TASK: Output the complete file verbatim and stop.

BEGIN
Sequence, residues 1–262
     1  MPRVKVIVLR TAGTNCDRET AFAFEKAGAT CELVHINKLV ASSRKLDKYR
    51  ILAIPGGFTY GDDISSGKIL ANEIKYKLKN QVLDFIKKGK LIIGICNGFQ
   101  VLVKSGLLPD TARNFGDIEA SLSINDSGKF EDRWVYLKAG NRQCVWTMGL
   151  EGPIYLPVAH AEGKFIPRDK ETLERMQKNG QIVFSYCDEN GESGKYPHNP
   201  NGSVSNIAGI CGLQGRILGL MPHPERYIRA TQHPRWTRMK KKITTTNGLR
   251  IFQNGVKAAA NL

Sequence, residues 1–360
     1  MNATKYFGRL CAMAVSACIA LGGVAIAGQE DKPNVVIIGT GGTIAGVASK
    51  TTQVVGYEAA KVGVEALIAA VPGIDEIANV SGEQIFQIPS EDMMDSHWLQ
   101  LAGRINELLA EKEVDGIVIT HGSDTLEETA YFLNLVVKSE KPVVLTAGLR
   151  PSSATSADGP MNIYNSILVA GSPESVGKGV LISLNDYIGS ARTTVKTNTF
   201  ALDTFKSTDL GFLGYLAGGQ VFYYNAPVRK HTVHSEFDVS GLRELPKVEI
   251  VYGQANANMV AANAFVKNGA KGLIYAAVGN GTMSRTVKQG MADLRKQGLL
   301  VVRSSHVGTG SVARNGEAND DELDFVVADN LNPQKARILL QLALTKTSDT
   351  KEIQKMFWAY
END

Sequence, residues 1–262
     1  MPRVKVIVLR TAGTNCDRET AFAFEKAGAT CELVHINKLV ASSRKLDKYR
    51  ILAIPGGFTY GDDISSGKIL ANEIKYKLKN QVLDFIKKGK LIIGICNGFQ
   101  VLVKSGLLPD TARNFGDIEA SLSINDSGKF EDRWVYLKAG NRQCVWTMGL
   151  EGPIYLPVAH AEGKFIPRDK ETLERMQKNG QIVFSYCDEN GESGKYPHNP
   201  NGSVSNIAGI CGLQGRILGL MPHPERYIRA TQHPRWTRMK KKITTTNGLR
   251  IFQNGVKAAA NL

Sequence, residues 1–360
     1  MNATKYFGRL CAMAVSACIA LGGVAIAGQE DKPNVVIIGT GGTIAGVASK
    51  TTQVVGYEAA KVGVEALIAA VPGIDEIANV SGEQIFQIPS EDMMDSHWLQ
   101  LAGRINELLA EKEVDGIVIT HGSDTLEETA YFLNLVVKSE KPVVLTAGLR
   151  PSSATSADGP MNIYNSILVA GSPESVGKGV LISLNDYIGS ARTTVKTNTF
   201  ALDTFKSTDL GFLGYLAGGQ VFYYNAPVRK HTVHSEFDVS GLRELPKVEI
   251  VYGQANANMV AANAFVKNGA KGLIYAAVGN GTMSRTVKQG MADLRKQGLL
   301  VVRSSHVGTG SVARNGEAND DELDFVVADN LNPQKARILL QLALTKTSDT
   351  KEIQKMFWAY